The military conflict that occurred between Lebanon and Israel in July and August of 2006 was characterized by the heavy bombardment of specific geographic regions in Israel, resulting in considerable civilian casualties and property damage.
Israeli civilians directly and indirectly exposed to bombardment were compared on exposure to the recent bombardment, trauma history, perceived life threat and peritraumatic dissociation during the recent bombardment, and current post-traumatic stress disorder (PTSD) symptom severity.
Design, Setting, and Participants:
Following the conflict, data were collected by telephone from 317 Israeli residents randomly selected from two towns that were subject to differing levels of exposure to the bombardment.
Main Outcome Measure(s):
Exposure to trauma during the Second Lebanon War, prior trauma exposure, PTSD symptom severity, perceived life threat, and peri-traumatic dissociation.
The residents directly affected by the bombardment (Kiryat Shmona; KS) endorsed more trauma exposure, (p <0.01); more prior trauma, (p <0.01); more life threat, (p <0.01); and greater PTSD symptomatology (12 % of KY participants and 38% of KS participants had probable PTSD), compared to residents in the comparison town (Kfar Yona; KY). Both groups reported a similar degree of peri-event dissociation (KS: M = 7.2 ±3.7; KY: M = 7.3 ±3.0). Perceived life threat mediated the relationship between exposure to bombardment and PTSD symptomatology. Time spent in bomb shelters was not associated with PTSD symptom severity. Prior shelling-related trauma negatively predicted PTSD.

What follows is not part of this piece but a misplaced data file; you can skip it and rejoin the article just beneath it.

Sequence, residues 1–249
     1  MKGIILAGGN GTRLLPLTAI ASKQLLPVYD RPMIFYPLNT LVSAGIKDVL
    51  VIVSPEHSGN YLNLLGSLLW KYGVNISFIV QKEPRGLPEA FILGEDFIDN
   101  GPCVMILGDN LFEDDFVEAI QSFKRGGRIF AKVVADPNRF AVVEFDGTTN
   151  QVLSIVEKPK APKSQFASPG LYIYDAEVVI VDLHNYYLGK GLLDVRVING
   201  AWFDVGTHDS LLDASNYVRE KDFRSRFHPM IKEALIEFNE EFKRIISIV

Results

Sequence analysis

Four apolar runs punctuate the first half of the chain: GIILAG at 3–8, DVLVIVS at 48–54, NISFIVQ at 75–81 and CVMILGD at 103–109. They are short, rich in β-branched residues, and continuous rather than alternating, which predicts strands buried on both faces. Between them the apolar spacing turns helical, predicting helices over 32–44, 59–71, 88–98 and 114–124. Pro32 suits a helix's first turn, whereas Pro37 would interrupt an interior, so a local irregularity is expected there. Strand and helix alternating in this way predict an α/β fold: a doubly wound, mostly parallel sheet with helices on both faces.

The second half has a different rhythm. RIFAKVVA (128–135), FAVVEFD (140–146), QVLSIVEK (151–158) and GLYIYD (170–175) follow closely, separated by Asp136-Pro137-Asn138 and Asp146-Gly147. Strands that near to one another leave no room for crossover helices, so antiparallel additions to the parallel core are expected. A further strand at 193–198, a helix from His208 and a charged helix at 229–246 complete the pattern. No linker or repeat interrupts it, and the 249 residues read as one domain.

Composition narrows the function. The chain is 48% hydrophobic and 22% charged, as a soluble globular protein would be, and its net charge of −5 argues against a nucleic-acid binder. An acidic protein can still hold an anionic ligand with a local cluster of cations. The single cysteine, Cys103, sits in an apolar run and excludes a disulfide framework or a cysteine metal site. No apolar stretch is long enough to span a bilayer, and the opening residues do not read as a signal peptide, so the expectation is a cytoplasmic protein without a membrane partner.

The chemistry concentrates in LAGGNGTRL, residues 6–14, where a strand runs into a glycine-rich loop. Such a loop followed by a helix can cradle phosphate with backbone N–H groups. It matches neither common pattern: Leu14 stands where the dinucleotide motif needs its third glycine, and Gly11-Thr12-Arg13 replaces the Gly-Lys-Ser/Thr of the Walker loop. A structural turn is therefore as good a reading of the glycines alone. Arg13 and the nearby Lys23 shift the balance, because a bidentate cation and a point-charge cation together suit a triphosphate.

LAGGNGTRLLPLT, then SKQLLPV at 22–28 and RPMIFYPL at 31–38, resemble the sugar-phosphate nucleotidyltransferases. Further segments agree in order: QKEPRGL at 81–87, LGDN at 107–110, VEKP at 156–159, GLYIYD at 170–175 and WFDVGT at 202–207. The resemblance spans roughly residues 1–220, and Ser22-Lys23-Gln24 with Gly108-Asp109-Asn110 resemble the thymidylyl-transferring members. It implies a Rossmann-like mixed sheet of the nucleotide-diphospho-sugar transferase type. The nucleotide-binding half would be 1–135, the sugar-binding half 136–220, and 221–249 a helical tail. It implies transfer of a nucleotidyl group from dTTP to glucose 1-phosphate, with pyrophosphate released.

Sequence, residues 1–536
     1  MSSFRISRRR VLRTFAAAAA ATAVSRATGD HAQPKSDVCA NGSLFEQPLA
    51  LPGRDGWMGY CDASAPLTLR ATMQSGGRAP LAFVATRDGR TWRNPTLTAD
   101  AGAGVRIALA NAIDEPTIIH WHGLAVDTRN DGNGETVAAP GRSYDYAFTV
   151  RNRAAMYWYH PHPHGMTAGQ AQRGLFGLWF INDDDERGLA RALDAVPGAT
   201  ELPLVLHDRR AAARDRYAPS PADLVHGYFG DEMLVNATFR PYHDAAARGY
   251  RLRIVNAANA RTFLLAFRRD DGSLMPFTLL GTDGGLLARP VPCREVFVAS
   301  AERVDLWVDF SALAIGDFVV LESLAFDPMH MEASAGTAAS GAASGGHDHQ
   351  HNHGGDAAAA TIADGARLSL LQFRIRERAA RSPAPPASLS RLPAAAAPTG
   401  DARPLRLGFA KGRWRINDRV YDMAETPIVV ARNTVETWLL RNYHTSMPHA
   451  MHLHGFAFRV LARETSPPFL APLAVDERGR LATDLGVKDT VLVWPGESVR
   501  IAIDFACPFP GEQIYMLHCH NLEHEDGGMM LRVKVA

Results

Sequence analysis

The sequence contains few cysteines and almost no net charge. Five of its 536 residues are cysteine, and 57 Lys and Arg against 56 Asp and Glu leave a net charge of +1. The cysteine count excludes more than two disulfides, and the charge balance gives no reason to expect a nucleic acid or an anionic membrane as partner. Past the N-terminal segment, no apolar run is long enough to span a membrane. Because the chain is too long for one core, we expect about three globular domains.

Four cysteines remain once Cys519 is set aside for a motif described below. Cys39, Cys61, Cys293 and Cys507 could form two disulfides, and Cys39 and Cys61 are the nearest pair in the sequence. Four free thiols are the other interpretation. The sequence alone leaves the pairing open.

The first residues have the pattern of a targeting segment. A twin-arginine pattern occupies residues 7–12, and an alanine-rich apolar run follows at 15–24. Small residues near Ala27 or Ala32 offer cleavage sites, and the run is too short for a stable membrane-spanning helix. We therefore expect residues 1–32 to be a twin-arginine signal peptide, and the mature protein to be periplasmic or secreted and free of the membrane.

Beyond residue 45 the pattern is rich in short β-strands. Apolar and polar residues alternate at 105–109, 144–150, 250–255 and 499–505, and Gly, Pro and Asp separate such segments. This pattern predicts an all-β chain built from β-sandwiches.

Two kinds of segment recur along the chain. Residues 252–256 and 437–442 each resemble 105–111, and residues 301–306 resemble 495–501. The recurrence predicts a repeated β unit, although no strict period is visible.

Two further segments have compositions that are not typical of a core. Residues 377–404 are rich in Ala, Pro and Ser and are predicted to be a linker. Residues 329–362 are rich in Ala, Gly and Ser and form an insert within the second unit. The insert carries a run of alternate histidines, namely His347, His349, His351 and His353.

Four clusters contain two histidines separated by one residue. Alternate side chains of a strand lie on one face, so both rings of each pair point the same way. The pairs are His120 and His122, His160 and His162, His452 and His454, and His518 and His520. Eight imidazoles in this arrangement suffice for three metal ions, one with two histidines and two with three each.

The terror of bombardment is a risk factor for PTSD among civil-ians. Although there is considerable resilience in chronically threatened commu-nities, it is prudent to develop and implement public health approaches to prevent those most distressed during and after attacks from developing PTSD. Because, to a small degree, prior trauma exposure buffers the response to bombardment, interventions should consider leveraging citizens' past successful coping.